- Many companies have welcomed the new tax law by announcing bonuses, wage hikes, and hiring.
- Oaktree Capital founder Howard Marks threw cold water on the GOP tax reform in a new memo, questioning its long-term benefits and capacity to create new jobs.
- "So call it a gift to the corporate sector if you want, but I think it's unlikely to be much of a job-creator or long-term boon for the American middle class," Marks wrote.
Many corporate execs are excited about the prospects of the recently passed GOP tax law, the highlight of which is a tax cut on businesses from 35% to 21%.
But Howard Marks, the billionaire founder of hedge fund Oaktree Capital, isn't buying by the shiny new legislation.
In a new memo released this week, Marks threw cold water on the tax reform, questioning its long-term benefits, especially in light of how it was sold to the public.
While he isn't impressed with the changes at the individual tax level — saying "it's not much of a reform" — much of his critique is leveled at the corporate changes within the tax overhaul.
"We've seen a number of companies give raises or bonuses following the enactment of the tax law, but I doubt it was done out of generosity," Marks wrote.
He says there's every reason to believe that most of the corporate tax benefit will be used to "enhance credit ratings, fatten dividend payments, and finance stock buybacks."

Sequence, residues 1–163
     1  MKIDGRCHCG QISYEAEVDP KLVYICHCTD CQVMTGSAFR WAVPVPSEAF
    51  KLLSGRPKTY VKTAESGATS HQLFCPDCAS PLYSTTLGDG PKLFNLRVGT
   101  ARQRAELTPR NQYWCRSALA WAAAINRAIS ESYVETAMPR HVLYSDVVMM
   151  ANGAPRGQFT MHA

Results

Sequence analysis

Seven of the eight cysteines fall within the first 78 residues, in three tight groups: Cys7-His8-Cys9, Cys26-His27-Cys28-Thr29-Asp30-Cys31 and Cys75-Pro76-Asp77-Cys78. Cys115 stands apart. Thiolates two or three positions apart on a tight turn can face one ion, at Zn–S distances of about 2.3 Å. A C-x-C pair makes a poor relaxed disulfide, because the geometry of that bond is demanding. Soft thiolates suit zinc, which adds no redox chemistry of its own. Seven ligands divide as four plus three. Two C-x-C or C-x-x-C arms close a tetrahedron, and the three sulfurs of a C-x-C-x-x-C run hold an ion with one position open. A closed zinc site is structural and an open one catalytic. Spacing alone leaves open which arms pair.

All of that is fine and well, but those weren't the rationales Republicans gave for passing the tax plan, according to Marks.
"Instead, it was billed as a job-creator," he wrote. "With unemployment already below average, many CEOs tell me they're hamstrung by a scarcity of qualified workers. So who will fill the new jobs if corporations expand in the US? And if workers aren't available, will new plants (and jobs) really be created?"
Marks agrees that there are short-term rewards to the plan, such as a boost to the economy and corporate profits, as well as larger paychecks for most Americans. But there are some likely consequences and "meaningful hidden risks" as well, including higher national debt, higher interest rates, and higher inflation.
"So call it a gift to the corporate sector if you want, but I think it's unlikely to be much of a job-creator or long-term boon for the American middle class," Marks wrote.